CBE Seminar Series: Mattheos Koffas, Dorothy and Fred Chau '71 Constellation Professor, Center for Biotechnology and Interdisciplinary Studies, Rensselaer Polytechnic Institute
A Sense of Balance: Development of Metabolic Pathway Balancing Approaches for the Production of High Value Natural Products
A long theme in the field of metabolic engineering has been the identification of targets for genetic modifications in order to optimize cellular phenotypes, usually associated with the overproduction of a chemical of interest. In order to address this question and for the purpose of reprogramming the cellular network, we employ in silico model of the genome-wide metabolism in order to optimize the biosynthesis of high-value chemicals, such as phytochemicals, in E.coli. Such Systems Biology approaches, in combination with traditional genetic engineering have resulted in robust production levels that can result in the commercially viable processes for the synthesis of important molecules. However, oftentimes, there is a need to further balance metabolic pathways in order to address the issue of metabolic burden, i.e. the draining of cellular resources in order to overexpress a recombinant pathway. Such metabolic pathway balancing has been achieved in our lab for the overproduction of chemicals that derive from long metabolic pathways, such as fatty acids, using episomal expression with vectors of different copy numbers, different strength promoters and different strength ribosome binding sites. More recently, the use of synthetic microbial consortia has been employed to achieve metabolic balancing, opening up the possibility for the de novo production of a multitude of high-value chemicals. Finally, recent advances in engineering the development of a biotechnological production platform for the production of sulfated glycosaminoglycans such as the anticoagulant drug heparin will also be presented.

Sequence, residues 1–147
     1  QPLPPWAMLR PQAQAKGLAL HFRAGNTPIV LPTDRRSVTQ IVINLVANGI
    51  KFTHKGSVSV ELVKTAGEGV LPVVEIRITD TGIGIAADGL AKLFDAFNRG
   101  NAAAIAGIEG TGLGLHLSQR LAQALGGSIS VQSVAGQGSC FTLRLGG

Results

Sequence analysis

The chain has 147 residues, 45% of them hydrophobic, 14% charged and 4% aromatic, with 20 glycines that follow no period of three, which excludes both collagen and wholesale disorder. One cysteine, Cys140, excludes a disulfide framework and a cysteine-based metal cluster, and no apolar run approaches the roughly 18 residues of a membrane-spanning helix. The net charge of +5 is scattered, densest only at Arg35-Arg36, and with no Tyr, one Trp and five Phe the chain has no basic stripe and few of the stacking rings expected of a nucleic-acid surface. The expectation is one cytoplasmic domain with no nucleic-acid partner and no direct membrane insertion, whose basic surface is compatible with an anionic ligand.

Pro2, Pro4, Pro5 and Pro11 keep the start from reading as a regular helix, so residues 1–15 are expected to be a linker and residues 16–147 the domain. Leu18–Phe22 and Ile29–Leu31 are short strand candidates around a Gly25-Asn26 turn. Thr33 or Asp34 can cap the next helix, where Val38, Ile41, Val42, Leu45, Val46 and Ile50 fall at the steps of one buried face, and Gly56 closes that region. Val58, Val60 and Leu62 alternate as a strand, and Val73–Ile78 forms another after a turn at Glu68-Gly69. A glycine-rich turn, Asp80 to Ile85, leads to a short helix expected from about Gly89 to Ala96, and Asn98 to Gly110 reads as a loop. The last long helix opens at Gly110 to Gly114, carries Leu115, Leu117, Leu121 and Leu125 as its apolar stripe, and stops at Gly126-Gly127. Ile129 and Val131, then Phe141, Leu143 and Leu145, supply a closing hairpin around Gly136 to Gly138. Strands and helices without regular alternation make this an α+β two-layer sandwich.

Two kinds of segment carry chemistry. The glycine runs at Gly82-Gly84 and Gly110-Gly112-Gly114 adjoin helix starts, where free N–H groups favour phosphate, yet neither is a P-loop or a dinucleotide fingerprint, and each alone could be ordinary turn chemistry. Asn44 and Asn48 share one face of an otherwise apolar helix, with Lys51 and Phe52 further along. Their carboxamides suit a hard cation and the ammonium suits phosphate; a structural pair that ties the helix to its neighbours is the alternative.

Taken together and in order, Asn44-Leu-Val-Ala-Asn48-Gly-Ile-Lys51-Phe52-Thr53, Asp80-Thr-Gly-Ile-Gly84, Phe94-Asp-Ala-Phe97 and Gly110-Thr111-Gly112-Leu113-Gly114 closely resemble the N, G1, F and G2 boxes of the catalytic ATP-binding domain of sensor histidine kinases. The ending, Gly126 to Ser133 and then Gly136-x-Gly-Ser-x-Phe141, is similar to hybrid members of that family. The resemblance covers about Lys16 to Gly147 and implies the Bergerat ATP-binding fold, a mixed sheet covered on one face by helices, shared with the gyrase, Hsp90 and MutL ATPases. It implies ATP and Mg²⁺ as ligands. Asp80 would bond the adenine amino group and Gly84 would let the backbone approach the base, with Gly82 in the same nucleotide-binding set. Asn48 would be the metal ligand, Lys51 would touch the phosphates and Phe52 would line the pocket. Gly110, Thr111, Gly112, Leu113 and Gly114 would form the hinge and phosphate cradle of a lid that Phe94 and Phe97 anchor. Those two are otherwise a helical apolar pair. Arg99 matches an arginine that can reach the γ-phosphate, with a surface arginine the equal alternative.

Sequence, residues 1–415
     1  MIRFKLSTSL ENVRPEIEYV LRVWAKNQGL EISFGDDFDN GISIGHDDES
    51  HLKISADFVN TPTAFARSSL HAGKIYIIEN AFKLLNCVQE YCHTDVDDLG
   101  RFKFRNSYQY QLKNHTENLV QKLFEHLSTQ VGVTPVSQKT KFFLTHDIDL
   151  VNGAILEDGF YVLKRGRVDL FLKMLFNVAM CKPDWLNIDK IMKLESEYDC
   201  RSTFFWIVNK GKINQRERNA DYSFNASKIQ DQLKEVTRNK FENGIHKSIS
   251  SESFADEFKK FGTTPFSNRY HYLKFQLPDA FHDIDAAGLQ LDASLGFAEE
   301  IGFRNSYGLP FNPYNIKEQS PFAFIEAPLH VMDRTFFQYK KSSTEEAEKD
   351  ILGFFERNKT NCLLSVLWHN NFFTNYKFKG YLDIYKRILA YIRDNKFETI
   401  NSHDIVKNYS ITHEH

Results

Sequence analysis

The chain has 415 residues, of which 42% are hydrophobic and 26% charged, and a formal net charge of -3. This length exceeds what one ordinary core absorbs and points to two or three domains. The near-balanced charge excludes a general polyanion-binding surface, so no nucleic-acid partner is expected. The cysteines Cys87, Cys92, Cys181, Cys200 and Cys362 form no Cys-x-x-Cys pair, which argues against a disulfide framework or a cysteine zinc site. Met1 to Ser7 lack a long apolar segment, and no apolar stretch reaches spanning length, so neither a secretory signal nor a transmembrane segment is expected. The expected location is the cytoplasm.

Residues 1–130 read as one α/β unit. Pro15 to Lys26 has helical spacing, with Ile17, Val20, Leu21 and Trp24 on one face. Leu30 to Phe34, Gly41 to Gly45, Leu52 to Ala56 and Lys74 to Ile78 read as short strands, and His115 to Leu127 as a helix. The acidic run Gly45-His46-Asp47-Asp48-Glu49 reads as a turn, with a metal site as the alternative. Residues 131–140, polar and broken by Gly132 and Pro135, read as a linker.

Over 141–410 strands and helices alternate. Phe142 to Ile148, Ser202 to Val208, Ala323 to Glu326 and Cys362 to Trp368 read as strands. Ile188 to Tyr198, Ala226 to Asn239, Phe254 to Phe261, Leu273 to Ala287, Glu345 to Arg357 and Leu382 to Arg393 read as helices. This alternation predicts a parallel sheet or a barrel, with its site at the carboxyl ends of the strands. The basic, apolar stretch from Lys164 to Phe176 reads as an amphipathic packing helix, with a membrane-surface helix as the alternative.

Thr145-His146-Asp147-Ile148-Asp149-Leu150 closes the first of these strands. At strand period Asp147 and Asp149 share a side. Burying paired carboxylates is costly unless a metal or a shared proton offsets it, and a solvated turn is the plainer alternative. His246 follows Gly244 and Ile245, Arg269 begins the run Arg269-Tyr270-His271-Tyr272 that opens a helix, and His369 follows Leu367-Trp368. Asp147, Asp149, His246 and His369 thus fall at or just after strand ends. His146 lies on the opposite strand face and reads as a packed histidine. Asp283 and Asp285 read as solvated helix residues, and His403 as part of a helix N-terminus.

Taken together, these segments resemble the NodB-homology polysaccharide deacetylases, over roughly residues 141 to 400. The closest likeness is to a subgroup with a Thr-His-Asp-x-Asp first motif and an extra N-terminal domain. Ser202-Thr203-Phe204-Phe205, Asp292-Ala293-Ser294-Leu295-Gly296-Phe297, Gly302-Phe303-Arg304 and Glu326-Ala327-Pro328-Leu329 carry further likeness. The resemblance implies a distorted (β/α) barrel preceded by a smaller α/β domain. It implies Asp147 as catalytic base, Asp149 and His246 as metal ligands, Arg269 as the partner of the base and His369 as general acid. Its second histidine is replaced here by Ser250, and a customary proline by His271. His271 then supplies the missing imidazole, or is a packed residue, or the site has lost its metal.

BIO: Mattheos Koffas received his B.A. in Chemical Engineering from the National Technical University in Athens, Greece, in 1994 and his PhD in Biochemical Engineering from M.I.T. in 2000, working under the supervision of Gregory Stephanopoulos on metabolic engineering of Corynebacterium glutamicum for amino acid production. He was a Visiting Research Scientist at DuPont Central Research in Wilmington DE from 2001 to 2002 where he work on methanotrophic bacteria for the production of high value chemicals. He then joined the Department of Chemical and Biological Engineering at the University at Buffalo as an Assistant Professor in 2002 and promoted to Associate Professor with tenure in 2008. In 2011 he joined RPI as a Career Development Associate Professor; he was promoted to full Professor in 2015 and awarded the Dorothy and Fred Chau ’71 Professorship in the same year.
His research interests are in the area of metabolic engineering and synthetic biology with a special emphasis on tool and strain development for the efficient production of high value and commodity chemicals. Some of his most cited work includes the development of microbial production platforms for the biosynthesis of a variety of natural products derived from plants while recently, in collaboration with others, he has been working on developing production platforms for the biosynthesis of pharmaceutical polysaccharides. In addition, his group worked on engineering synthetic methylotrophy, where E.coli is used to convert methanol to biofuels. He is bringing his breakthrough research to market, by joining the Scientific Board of Chromadex, a chemical company that is currently scaling up the microbial production of anthocyanins. Professor Koffas and his research group have published 130 peer-reviewed journal publications in journals including PNAS, Nature Communications, Metabolic Engineering, Nucleic Acids Research and others. His work, presented in the form of more than 100 invited and contributed lectures, has been featured in the National Public Radio (NPR). He is fellow of the AIMBE and serves as Academic Editor for Biotechnology Advances, Metabolic Engineering Communications, BMC Plant Biology and editorial board member for Metabolic Engineering and Current Opinion in Biotechnology. He has chaired two international conferences in the area of Biomolecular Engineering. He is a member of the American Institute of Chemical Engineers, Americal Chemical Society and American Society for Microbiology.